Trigger Finger

Trigger finger (digital tendinitis and stenosing tenosynovitis) is a common disorder that causes an often painful catching of the fingers or thumb. It occurs as a clicking, snapping, or locking of a finger in the palm of the hand. This is caused by a problem with the tendons that flex or bend the fingers sliding smoothly through their sheaths. The condition may occur in any finger or a couple fingers at the same time.

The finger may lock with the finger curled or suddenly straighten out with a snap. This is more common in patients with rheumatoid arthritis and diabetes. Left untreated, the condition may get worse to the point where the finger becomes locked in flexion, like making a fist, or less commonly locked with the finger straightened out.


  • Inflammation and scarring that lead to swelling around the tendon sheath.

  • Repeated or forceful movements.

  • Rheumatoid arthritis, an autoimmune disease that affects joints.

  • Gout.

  • Diabetes mellitus.


  • Soreness and swelling of your finger.

  • A painful clicking or snapping as you bend and straighten your finger.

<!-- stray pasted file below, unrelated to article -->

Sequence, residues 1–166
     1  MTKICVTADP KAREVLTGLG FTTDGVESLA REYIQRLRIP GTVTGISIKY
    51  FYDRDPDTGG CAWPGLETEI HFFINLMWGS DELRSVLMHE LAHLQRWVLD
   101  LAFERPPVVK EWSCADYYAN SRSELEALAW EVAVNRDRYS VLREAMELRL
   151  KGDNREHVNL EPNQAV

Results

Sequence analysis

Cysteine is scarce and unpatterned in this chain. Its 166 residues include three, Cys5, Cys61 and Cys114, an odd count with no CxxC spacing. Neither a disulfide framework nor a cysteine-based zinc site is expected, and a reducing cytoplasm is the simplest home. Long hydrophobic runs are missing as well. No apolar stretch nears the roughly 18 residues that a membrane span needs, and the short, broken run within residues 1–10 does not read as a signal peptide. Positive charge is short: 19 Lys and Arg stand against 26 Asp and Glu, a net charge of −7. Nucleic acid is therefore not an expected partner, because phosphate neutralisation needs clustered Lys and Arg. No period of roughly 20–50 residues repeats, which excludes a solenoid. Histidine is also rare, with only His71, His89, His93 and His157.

Your health care provider will do a physical exam of your finger to diagnose trigger finger.


  • Splinting for 6–8 weeks may be helpful.

  • Nonsteroidal anti-inflammatory medicines (NSAIDs) can help to relieve the pain and inflammation.

  • Cortisone injections, along with splinting, may speed up recovery. Several injections may be required. Cortisone may give relief after one injection.

  • Surgery is another treatment that may be used if conservative treatments do not work. Surgery can be minor, without incisions (a cut does not have to be made), and can be done with a needle through the skin.

  • Other surgical choices involve an open procedure in which the surgeon opens the hand through a small incision and cuts the pulley so the tendon can again slide smoothly. Your hand will still work fine.


  • Apply ice to the injured area, twice per day:

  • Put ice in a plastic bag.

  • Place a towel between your skin and the bag.

  • Leave the ice on for 20 minutes, 3–4 times a day.

  • Rest your hand often.


  • Understand these instructions.

  • Will watch your condition.

  • Will get help right away if you are not doing well or get worse.